Juniper Berries are spicy, sweet, with a piney aroma. They are delicious in stews and soups and with meats (especially wild game). They also give gin its distinctive flavor and are a common flavor ingredient in bitters.
Juniper berries are actually the cones from a small evergreen shrub belonging to the cypress (Cupressaceae) family. Its bluish-green needles hint at the coloring of the berries. Perhaps the most widely found tree in the world, there are 50 to 67 species of juniper. The botanical name Juniperus communis comes from the Latin "communis" for "common." Its berries--round and blue-violet-- take two to three years to ripen to their distinctive blue color, which is why you'll find berries of different colors on the same shrub. They're harvested when deep blue and become blacker during the drying process.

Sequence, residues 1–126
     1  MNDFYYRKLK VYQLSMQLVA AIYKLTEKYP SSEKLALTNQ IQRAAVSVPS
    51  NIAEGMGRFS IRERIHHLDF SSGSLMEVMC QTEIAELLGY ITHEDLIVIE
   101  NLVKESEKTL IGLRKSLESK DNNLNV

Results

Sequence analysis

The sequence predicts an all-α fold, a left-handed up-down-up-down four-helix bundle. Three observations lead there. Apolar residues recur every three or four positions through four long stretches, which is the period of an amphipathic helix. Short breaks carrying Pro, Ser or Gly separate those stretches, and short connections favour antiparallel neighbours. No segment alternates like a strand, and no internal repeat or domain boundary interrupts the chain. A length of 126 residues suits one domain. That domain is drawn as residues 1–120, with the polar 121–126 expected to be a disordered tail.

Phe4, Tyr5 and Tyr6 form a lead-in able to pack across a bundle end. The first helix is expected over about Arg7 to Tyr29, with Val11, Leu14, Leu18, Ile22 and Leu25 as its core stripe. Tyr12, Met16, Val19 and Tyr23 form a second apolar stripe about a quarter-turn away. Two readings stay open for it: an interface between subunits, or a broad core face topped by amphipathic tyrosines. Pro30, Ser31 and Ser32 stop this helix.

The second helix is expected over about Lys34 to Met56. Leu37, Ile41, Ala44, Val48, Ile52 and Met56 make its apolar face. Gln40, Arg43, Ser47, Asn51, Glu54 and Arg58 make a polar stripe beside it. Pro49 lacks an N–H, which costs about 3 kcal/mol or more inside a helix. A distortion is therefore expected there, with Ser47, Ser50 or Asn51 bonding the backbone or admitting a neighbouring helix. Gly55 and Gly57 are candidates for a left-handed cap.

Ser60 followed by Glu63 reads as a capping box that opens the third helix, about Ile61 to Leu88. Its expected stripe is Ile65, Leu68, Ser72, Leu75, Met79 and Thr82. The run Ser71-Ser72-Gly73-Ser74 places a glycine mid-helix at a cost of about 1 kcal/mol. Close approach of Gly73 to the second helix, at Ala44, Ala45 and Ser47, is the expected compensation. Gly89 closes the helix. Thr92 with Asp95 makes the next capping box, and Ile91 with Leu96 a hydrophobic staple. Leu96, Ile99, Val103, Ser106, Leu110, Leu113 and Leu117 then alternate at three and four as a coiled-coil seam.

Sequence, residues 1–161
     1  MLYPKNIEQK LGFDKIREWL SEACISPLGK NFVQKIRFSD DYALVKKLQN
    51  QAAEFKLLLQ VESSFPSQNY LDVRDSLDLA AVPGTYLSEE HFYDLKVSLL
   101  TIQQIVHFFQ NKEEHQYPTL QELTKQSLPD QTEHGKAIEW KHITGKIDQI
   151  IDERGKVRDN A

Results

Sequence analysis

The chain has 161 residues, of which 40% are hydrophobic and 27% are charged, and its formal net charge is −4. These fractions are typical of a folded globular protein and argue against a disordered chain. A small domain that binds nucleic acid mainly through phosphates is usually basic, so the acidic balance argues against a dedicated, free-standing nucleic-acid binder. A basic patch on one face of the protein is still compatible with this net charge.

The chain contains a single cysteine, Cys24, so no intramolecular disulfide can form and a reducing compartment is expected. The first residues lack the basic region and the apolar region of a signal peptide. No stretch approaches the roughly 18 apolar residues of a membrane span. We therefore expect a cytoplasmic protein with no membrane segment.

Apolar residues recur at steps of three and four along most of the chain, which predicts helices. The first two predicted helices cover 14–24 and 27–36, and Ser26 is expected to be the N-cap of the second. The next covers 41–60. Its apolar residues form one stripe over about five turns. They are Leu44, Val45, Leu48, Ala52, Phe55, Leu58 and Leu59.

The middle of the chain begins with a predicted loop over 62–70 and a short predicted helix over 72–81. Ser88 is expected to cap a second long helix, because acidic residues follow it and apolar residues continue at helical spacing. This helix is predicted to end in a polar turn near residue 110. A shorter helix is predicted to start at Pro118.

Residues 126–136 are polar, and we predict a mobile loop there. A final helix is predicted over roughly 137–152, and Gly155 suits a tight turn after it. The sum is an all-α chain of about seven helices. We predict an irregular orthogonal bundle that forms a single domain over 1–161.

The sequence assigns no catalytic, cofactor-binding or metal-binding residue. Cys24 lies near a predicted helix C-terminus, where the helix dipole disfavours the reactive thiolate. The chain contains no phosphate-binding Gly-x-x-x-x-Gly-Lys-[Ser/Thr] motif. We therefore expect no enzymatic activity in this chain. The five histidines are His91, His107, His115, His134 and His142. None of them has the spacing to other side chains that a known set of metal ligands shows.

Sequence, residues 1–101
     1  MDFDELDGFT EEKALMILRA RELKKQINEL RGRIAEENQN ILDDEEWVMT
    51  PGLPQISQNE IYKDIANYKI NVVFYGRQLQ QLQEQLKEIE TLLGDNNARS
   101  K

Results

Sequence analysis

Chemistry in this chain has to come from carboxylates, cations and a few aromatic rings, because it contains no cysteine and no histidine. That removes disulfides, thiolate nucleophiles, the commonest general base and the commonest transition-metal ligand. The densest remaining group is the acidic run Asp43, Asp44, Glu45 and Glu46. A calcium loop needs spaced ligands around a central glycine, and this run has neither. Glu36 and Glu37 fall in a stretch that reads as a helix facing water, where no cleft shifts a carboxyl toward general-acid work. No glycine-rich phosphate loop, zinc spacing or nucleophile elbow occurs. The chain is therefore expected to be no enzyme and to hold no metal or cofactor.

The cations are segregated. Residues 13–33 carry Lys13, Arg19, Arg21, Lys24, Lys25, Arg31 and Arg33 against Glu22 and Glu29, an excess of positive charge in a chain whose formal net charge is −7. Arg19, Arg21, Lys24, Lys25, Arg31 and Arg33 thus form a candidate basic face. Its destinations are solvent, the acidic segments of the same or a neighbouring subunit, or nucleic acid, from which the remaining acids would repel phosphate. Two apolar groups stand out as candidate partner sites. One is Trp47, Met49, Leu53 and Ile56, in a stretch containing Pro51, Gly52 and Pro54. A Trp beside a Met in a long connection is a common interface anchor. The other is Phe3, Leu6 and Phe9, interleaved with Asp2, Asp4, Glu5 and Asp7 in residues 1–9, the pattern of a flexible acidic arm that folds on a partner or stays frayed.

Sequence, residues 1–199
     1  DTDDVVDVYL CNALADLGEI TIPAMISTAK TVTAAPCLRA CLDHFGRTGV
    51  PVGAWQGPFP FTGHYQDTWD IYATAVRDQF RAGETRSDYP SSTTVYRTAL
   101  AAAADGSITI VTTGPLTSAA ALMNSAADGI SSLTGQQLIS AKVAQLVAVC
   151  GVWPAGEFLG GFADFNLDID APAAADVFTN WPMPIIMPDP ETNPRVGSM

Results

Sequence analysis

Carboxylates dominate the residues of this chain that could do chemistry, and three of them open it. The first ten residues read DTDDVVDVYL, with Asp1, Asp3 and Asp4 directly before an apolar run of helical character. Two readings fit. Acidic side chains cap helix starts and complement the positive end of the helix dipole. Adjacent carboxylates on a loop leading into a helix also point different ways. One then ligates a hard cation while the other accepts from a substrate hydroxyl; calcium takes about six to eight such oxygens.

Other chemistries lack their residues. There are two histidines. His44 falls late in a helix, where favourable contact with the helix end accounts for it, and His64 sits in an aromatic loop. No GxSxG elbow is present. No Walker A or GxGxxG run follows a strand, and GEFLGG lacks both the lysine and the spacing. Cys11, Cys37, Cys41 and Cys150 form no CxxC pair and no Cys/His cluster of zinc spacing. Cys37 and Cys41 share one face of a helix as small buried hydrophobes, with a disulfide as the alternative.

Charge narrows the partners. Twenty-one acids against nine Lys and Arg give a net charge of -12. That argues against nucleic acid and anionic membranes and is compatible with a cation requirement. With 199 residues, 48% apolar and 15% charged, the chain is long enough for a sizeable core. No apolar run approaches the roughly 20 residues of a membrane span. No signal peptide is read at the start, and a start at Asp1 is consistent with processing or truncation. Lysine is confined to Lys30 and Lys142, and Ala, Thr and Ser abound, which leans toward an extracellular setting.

In many countries, juniper is associated with Christmas and dedicated to the Virgin Mary. Legend tells how Mary and Joseph were almost caught when fleeing to Egypt with the baby Jesus. A small juniper tree spread its branches and Mary was able to hide Jesus under the branches. The soldiers saw only a young woman walking with an old man, and they safely escaped. Throughout history, juniper berries were often burned to keep evil spirits away and to cleanse the air--in ancient temples and ceremonial rooms, and during the Black Plague, for example. The plant was also often hung over doorways to drive off snakes as well as witches. Native American Indians used it to brew tonics to treat everything from colds to arthritis, kidney trouble, stomachaches and rheumatism. They also used it in religious ceremonies.